A generation is stuck in starter homes, but they’re gaining traction
Not quite a year ago, we called attention to a decline in repeat homebuyers. Contrary to popular opinion, the number of first-time homebuyers remains strong while the number of repeat homebuyers lags well below its historical average.
The most recent numbers show some improvements for repeat homebuyers, but we remain concerned that not enough current first-time homeowners are moving on from their first purchases. This generation stuck in starter homes may struggle to build wealth and make it difficult for first-time homebuyers to find affordable houses.
How severe is the problem?
The first-time homebuyers’ share of all government-sponsored enterprise and Federal Housing Administration loans increased from 57 to 60 percent between June 2016 and April 2017. First-time homebuyers have consistently represented at least 53 percent of the market since 2008 compared with less than 48 percent between 2001 and 2007.
The number of repeat homebuyers in the market has changed significantly over the past two decades. Repeat homebuyers are families who have lived in their first, second, or third home for a few years and who are in a position to buy a different (usually larger and more expensive) home thanks to their increased equity and higher earning power.
In 2001, there were 1.8 million repeat homebuyers in the market. Although their numbers declined until 2008, there were always at least 1 million each year. In 2009, however, there were just under 700,000 repeat homebuyers.
By 2015, this number had recovered to just over 900,000, and it has now reached 1 million in the latest 2016 data. That 2016 number is still 57 percent of the number from 2001.
So what happened to the number of first-time homebuyers over that same 14 years? There were 1.3 million first-time homebuyers in 2001,1.3 million in 2015, and 1.4 million in the latest 2016 numbers. The numbers varied throughout period but much less so than for repeat homebuyers.
What’s getting in the way of repeat homebuyers?
Since the 2008 crisis, all borrowers have faced a tighter credit environment and home prices that have still yet to recover to precrisis levels. These conditions may have affected first-time and repeat homebuyers differently.
The basic strategy for buying a starter home is to establish a strong credit history and a stable income and save enough money for a down payment on what is often a more inexpensive home. The tight credit environment makes qualifying for the loan trickier, but for a buyer with reliable employment, saving for the smaller down payment that a starter home requires remains feasible, and lower home prices have reduced the amount of money needed.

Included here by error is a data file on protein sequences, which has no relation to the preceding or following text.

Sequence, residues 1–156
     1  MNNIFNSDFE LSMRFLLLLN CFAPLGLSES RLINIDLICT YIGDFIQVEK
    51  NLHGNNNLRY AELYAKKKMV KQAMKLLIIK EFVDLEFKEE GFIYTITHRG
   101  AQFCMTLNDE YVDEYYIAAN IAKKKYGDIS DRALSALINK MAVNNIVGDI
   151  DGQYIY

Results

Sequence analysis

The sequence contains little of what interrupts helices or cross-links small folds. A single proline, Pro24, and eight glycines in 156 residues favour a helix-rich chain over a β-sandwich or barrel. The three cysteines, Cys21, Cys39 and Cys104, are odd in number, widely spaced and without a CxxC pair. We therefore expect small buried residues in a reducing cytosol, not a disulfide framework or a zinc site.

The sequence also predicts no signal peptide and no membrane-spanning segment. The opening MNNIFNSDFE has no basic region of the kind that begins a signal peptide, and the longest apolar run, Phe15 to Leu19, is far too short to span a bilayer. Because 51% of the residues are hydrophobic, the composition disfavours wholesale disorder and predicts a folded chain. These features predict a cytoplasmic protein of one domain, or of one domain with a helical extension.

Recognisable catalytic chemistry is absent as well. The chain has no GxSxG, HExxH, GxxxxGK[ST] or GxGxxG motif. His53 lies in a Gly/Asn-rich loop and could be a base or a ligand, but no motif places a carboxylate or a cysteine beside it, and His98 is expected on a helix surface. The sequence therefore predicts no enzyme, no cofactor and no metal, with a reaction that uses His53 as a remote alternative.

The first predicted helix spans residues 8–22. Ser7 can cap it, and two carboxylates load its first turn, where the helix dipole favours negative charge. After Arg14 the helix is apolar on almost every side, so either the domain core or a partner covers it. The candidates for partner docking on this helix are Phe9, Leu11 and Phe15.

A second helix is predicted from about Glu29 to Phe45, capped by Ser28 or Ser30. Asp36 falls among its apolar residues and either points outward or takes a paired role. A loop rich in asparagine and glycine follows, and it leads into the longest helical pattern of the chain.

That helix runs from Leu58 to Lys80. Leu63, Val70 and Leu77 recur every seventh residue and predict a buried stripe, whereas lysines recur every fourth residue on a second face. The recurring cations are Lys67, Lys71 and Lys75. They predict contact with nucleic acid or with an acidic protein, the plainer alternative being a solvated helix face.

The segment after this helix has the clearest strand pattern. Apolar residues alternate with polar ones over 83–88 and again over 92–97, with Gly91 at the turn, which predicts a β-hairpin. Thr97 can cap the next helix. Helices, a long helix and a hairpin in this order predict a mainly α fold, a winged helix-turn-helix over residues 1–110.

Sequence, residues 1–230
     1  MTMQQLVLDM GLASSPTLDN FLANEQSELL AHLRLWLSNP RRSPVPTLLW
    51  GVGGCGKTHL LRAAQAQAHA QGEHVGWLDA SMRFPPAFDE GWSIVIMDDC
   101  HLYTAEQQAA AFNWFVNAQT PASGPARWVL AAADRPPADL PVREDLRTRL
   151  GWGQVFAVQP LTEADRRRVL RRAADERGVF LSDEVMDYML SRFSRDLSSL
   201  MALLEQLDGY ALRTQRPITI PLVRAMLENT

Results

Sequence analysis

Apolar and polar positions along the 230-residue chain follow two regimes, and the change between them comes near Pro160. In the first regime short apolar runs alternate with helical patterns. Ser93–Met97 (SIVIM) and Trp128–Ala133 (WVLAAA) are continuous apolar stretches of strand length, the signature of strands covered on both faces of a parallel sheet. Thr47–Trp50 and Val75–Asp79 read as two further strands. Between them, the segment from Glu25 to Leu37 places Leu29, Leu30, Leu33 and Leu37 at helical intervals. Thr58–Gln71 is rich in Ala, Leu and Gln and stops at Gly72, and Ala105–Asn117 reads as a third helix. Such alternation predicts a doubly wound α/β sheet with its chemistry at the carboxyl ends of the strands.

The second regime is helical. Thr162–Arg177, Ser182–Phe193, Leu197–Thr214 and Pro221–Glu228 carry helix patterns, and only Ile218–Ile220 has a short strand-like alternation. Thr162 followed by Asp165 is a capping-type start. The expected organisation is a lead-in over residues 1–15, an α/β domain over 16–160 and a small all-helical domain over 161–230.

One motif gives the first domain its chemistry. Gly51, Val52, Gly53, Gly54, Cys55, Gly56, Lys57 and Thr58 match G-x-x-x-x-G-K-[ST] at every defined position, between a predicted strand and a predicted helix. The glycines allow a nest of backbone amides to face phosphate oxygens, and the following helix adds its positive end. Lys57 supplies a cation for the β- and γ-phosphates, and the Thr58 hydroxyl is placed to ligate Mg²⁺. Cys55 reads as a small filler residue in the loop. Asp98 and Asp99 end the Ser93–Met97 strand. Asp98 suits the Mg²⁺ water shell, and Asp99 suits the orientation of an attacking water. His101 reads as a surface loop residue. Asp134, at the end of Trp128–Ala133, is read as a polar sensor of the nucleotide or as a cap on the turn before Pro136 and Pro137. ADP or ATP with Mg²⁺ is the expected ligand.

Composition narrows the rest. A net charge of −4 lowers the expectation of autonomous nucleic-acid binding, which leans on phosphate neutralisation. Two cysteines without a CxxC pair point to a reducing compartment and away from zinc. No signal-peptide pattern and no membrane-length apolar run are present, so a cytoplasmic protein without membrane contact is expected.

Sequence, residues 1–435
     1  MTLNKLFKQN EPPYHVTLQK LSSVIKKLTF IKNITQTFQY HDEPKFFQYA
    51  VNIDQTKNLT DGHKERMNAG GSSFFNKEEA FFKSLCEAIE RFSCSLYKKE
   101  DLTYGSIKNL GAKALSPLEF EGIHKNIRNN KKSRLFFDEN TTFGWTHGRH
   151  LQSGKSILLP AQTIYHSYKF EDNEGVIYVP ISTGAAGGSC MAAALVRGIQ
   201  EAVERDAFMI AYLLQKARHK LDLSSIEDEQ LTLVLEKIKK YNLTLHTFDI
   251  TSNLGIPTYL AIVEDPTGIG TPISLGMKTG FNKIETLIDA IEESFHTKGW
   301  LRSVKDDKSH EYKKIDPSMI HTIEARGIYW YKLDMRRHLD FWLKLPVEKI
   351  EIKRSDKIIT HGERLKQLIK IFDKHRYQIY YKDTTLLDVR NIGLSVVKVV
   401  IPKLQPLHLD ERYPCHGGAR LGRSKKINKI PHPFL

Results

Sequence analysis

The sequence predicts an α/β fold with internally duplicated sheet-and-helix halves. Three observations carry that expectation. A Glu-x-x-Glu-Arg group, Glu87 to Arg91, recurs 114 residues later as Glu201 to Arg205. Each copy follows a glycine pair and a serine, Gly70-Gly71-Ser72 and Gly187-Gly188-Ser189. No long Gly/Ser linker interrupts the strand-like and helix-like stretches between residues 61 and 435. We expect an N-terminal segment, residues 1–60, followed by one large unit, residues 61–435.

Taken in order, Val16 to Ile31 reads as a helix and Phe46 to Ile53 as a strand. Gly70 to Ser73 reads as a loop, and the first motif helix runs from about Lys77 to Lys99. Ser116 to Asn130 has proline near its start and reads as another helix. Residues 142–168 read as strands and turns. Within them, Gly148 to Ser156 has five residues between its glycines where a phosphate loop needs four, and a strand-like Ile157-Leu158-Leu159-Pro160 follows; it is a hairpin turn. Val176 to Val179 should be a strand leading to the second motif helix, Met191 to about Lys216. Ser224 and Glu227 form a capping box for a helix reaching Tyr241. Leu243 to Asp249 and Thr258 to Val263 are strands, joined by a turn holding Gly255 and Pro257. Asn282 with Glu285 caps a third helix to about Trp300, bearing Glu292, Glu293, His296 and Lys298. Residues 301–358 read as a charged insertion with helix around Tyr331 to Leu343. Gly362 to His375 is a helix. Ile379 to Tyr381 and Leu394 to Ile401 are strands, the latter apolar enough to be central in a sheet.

The basic strategy for moving up from a starter home to a bigger home, however, has been to accumulate equity in the home through consistent price appreciation and then convert that equity into the down payment for a more expensive home. Traditionally, borrowers could afford the higher payments on the larger mortgage because their incomes were rising. But falling home prices during the financial crisis have eroded this equity, and most homes are still worth less than their 2007 peak.
Recent price increases have improved this situation: home values nationwide are within 1.5 percent of peak values. At the same time, real incomes have been flat since the mid-1990s, and credit standards are tight, further limiting trade-up activity.
Recent increases in mortgage interest rates are compounding this trend with a “lock-in” effect, where homeowners with ultra-low rate mortgages may be unwilling to see their mortgage costs go up as they trade up. Moreover, US households have experienced a secular decline in mobility since the 1980s, which will further depress the repeat homebuyer market.
Repeat homebuyers are part of a healthy housing market
First-time homebuyers and repeat homebuyers enter and sustain the housing ecosystem in different ways. If first-time homebuyers don’t ultimately move on, becoming repeat homebuyers, the next wave of first-time homebuyers will have challenges finding appropriately-priced starter homes. So it’s important to look at both sectors, and for policymakers to focus their attention on where the real challenges lie.
Currently, first-time homebuyers represent a higher percentage of the market than they did before the financial crisis. This group is not struggling. Homebuyers who bought before the boom, who hoped to cash in on price appreciation and trade up to their dream home, are struggling to gain back their share of the market today.
And while the number of repeat home buyers is rising, we still need to remain focused on aiding this generation stuck in their starter homes.
Photo by Naga Film/Getty Images.